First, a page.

The recent piece on this blog about Gertrude Seibert mentioned her contribution to Poems of Dawn (1912) but did not credit her as the compiler. I did not state this in the article because, although some reference works made the claim, they were secondary sources. Unlike Daily Heavenly Manna for example, the various editions of Poems of Dawn do not actually state who the compiler was.
I am very grateful to Miquel for providing me with the entry from Woman’s Who’s Who of America for 1914-1915, which is reproduced below.
Gertrude’s entry plainly credits her with editing Poems of Dawn, and crucially this was published while she was still alive. The interesting comment in the entry “Opposed to woman suffrage on Scriptural grounds” could only have come from Gertrude herself; so as is common with such works, she contributed her own entry. It would make perfect sense for her to compile Poems of Dawn because it contains so much of her work.
The original Poems of Dawn was part of a volume with Hymns of Dawn and an acknowledged compiler then was Maria Russell. CTR specifically mentioned her in the forward of earlier editions.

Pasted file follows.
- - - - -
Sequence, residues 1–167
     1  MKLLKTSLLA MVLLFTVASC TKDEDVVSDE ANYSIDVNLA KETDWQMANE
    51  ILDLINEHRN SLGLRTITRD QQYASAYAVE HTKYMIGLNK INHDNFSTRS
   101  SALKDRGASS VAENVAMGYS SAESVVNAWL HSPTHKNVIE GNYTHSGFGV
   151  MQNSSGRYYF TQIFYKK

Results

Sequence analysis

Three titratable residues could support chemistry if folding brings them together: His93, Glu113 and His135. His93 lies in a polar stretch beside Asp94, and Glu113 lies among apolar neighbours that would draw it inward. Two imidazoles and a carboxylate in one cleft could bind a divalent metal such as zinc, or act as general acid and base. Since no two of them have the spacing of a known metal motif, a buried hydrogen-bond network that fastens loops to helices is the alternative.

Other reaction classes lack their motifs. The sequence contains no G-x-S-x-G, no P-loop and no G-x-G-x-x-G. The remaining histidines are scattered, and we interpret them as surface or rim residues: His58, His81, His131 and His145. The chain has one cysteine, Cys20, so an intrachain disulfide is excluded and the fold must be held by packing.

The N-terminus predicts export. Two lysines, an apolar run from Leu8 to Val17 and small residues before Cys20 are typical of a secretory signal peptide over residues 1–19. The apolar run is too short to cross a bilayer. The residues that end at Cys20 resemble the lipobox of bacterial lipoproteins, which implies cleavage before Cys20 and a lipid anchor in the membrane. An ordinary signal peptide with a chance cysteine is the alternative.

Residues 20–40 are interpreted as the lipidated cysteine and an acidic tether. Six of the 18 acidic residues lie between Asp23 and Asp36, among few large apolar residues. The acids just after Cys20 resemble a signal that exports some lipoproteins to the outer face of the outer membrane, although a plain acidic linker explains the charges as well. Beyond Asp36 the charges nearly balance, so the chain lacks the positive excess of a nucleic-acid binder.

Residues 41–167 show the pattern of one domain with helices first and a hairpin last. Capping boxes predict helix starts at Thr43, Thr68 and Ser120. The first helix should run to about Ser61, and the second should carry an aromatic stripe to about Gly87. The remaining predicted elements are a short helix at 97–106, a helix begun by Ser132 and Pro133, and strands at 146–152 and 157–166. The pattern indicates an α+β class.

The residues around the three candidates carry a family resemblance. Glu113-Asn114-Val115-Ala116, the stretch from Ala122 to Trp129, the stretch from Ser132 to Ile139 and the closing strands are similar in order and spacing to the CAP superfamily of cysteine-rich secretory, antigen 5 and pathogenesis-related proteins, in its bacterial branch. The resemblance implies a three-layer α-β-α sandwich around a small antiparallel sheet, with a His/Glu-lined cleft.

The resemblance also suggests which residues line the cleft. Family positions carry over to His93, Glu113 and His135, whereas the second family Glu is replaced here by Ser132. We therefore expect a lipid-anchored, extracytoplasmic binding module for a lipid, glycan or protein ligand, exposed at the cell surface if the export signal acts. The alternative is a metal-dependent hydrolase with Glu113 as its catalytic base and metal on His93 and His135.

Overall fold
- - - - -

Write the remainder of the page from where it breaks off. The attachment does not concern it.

But by the time Poems of Dawn was issued as a separate volume in 1912, Maria’s association with ZWT was long severed, and Gertrude Seibert had become a sort of unofficial poet laureate for the Bible Students. The 1912 first edition has 286 pages and contains 39 of her poems. In 1915 the book was reissued (still with the 1912 copyright page) with 318 pages and Gertrude’s contribution now ran to 61 poems. There is also a 1919 reissue, but this appears to be identical with that from 1915. The extended version of the book is the one that usually appears in modern reprints or electronic versions of this work.
One curiosity - all editions of Poems of Dawn contain a poem by F C Browning and also one from Mrs F G Burroughs. Eagle-eyed readers of this blog in the past will know that this is the same person, who by 1912 had become Mrs Ophelia G Adams, having married one of CTR’s rivals, Arthur Prince Adams. See the article Ophelia on this blog from January 9 this year.